The inquiry will investigate “the financial management of trade unions and union-linked organisations, the adequacy of laws governing these bodies, whether the organisations have been used to facilitate crime, and how funds are sourced for and distributed from union bodies.”

Heydon will investigate not just the HSU, AWU and CFMEU, but also the Electrical Trades Union (ETU), the Transport Workers Union (TWU) and “any other person, association or organisation” against whom “credible allegations” are made of pursuing an “unlawful purpose” or other misconduct.

This misconduct includes “any conduct which may amount to a breach of any applicable law, regulation or professional standard by any officer of a registered employee association” [trade union] in order to “procure an advantage for themselves or another person, association or organisation” or “cause a detriment to a person, association or organisation.”

In other words, the royal commission will be able to pry into the affairs of unions, other organisations and individuals on the flimsiest basis, such as “credible allegations” of “causing a detriment” to someone. “Unlawful purpose” could cover supporting any industrial action to defend jobs or conditions, which is illegal under the existing “Fair Work” workplace laws of the previous Labor government, except during defined bargaining periods for enterprise agreements.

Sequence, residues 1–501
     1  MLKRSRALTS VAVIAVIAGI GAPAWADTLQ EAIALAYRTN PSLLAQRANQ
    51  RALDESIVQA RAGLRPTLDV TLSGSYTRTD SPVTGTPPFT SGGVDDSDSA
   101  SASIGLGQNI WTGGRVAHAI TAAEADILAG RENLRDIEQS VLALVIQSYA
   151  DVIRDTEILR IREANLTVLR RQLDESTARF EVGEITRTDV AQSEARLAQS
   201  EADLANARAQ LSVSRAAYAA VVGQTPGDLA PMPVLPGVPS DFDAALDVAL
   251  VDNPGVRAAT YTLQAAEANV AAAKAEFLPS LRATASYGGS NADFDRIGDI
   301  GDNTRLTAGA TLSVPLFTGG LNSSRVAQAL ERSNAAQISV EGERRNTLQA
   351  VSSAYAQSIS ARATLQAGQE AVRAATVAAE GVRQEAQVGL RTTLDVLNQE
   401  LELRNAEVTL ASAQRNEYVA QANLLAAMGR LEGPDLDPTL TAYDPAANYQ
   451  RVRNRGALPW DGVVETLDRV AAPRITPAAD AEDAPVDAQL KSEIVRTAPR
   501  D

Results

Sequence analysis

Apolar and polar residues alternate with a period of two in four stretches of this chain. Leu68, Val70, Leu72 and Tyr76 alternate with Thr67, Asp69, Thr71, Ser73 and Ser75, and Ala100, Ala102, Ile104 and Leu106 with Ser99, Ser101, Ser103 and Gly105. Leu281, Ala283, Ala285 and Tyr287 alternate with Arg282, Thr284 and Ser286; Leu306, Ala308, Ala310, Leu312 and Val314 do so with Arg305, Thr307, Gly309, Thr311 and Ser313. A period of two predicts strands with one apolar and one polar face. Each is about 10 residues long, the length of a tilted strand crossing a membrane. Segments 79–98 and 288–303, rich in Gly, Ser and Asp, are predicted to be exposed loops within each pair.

Abbott said the terms of reference were not limited to “any particular organisations, particular allegations or particular industries,” so that “the inquiry will be able to go wherever the evidence leads it.” This is an open-ended brief to pursue any issue that aids the employers. The royal commission can also investigate “any issue or matter reasonably incidental” to its lines of inquiry.

The Royal Commission was launched amid an avalanche of job destruction and escalating demands by the financial and corporate elite for the removal of all impediments to the dismantling of working conditions and entitlements, such as weekend and overtime penalty rates.